Cleveland Browns' quarterback, Brandon Weeden, was one of a number of PGA and celebrities participating in the annual Verplank Foundation Invitational, which raises money to fund scholarships.
Weeden was the 22nd-overall pick in the 2012 draft, played in 15 games last season and finished with the Browns' rookie record for yards passing (3,385). In his first season, he helped Cleveland upset the Cincinnati Bengals and Pittsburgh Steelers.
In 2012, he led Oklahoma State to a 41-38 victory over Andrew Luck and Stanford in the Tostitos Fiesta Bowl. Before teeing off, Weeden took a minute to talk about his first year, baseball and what he's looking forward to.
Q: You're here at this celebrity golf tournament, and you've played baseball, you've played football. you're just kind of an all-around athlete. How do you expect yourself to perform today?
A: I've played enough golf where I should be able to play well. If I don't, I put a lot of pressure on myself to play well, so whenever I'm having to hit the ball well, you know, there's a lot of pressure there. But I'm excited, I feel like it'll be fun to get out and be with some of the PGA guys.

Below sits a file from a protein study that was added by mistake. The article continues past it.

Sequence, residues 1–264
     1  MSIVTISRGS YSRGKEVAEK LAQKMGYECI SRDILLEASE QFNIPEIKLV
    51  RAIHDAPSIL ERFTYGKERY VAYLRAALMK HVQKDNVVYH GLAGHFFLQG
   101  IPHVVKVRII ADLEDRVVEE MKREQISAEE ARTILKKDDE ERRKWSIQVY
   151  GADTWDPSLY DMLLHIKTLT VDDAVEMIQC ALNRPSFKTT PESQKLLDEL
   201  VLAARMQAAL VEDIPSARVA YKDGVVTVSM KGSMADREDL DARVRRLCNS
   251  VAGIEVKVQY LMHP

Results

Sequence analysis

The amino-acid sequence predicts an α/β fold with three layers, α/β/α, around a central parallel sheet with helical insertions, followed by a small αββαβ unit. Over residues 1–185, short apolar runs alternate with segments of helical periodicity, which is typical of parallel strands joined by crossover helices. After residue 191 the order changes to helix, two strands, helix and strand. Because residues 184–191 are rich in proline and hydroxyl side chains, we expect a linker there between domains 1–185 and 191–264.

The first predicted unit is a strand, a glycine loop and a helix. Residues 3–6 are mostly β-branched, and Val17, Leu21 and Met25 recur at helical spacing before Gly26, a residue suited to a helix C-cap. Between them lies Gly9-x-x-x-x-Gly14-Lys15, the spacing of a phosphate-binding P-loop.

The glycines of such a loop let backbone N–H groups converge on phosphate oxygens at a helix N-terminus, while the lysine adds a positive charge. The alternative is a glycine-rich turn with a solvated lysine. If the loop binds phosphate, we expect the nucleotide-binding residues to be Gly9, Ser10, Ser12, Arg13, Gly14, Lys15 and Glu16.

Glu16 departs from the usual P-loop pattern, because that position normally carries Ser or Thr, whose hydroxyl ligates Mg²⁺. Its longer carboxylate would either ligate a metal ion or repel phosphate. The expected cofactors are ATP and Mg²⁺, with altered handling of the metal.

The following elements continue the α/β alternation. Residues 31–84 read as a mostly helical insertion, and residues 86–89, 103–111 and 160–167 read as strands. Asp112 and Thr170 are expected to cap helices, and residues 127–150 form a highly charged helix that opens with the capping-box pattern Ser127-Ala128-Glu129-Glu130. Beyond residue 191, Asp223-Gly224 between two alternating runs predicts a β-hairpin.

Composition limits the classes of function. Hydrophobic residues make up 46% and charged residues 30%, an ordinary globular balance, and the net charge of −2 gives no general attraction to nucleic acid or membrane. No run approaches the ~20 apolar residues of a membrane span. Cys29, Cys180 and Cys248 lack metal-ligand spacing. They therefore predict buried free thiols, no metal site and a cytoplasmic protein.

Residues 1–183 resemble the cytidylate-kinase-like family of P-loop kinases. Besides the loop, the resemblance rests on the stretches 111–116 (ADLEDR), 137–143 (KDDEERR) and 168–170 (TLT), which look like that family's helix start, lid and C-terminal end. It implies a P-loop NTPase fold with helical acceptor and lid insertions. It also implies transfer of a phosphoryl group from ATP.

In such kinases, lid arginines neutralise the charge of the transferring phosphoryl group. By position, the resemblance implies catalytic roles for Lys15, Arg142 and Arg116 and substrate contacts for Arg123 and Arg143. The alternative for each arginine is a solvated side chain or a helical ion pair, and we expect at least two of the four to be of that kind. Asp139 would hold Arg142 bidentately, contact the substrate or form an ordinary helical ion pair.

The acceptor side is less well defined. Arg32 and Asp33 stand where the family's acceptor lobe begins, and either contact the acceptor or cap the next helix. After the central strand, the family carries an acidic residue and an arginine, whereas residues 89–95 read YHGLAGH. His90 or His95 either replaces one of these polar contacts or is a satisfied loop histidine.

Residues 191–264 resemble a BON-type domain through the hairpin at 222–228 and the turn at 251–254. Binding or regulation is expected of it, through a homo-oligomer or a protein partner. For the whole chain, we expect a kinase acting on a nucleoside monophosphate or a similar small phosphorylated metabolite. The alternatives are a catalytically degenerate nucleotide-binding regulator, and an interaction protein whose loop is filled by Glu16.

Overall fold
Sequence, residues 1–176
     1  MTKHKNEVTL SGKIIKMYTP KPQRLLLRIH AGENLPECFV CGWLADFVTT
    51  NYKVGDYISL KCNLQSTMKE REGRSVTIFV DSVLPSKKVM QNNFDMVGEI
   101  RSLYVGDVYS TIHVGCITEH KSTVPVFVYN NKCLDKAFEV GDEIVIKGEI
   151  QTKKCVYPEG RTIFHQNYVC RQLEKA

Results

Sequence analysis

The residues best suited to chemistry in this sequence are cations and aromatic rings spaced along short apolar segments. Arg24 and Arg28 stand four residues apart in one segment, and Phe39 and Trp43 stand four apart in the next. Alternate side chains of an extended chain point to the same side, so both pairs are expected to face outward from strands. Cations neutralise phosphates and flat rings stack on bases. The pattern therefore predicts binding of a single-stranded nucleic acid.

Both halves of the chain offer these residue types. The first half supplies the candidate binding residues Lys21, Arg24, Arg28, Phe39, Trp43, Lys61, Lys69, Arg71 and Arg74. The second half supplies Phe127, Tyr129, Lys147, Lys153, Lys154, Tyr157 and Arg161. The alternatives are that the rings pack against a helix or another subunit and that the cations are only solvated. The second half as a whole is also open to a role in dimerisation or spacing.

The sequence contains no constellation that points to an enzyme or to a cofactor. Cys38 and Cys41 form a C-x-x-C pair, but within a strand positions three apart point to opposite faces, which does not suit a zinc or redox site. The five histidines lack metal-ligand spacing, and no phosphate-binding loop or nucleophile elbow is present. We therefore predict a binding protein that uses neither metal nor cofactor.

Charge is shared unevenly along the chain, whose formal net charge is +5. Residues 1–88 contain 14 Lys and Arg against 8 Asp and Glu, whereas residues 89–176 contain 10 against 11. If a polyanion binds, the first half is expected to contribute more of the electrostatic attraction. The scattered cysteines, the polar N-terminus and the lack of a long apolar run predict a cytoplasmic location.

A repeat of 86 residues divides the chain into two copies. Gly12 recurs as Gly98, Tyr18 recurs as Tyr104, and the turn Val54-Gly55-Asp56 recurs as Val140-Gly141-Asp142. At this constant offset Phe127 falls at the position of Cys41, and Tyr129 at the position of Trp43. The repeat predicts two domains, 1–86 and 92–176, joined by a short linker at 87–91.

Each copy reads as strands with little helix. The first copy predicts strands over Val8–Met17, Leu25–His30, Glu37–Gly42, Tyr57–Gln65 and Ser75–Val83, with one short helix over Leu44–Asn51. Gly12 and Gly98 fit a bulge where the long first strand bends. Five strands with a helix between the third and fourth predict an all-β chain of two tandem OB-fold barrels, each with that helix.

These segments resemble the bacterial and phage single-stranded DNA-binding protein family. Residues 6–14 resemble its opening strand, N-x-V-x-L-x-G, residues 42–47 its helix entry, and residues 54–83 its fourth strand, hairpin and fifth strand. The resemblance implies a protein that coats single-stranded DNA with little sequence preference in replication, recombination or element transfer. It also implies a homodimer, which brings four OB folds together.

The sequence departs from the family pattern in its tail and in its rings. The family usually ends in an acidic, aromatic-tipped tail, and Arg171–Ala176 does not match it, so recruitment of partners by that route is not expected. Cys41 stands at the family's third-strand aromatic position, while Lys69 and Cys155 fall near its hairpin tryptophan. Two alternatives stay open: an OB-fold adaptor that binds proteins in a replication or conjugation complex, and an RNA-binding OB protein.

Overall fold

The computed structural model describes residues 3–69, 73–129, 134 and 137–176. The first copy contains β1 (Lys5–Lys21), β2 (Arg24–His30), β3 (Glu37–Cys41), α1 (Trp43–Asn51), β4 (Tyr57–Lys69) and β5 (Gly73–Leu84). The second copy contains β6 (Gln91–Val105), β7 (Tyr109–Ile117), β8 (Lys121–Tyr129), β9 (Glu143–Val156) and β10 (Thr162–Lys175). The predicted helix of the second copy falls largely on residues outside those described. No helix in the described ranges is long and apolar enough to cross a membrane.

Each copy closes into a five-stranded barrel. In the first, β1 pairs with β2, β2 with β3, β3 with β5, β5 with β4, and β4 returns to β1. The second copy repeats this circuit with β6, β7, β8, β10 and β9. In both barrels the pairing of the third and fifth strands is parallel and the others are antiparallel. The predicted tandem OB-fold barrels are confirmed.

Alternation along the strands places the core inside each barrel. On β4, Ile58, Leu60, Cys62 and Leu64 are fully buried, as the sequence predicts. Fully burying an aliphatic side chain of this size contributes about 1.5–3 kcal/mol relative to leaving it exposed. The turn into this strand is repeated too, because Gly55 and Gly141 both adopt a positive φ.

Can you talk about having the rookie record and what your goals are for yourself next season?
I played well at times last year, but I didn't play well enough consistently throughout the entire year, so I feel like I need to get better to make our team better. Find a way, whatever I can do to make our team better. Being in my second year, I know what to kind of expect. First year was tough, because I was kind of winging it each week. Just, I didn't really know what to expect as far who we were playing: I'd never played against these defenses and these coaches, so I'm excited about year two.
Two of the wins you guys got last season, the first one was against Cincinnati, and then you guys got another win, 20-14, against the Steelers. What was it like for you winning against those two teams?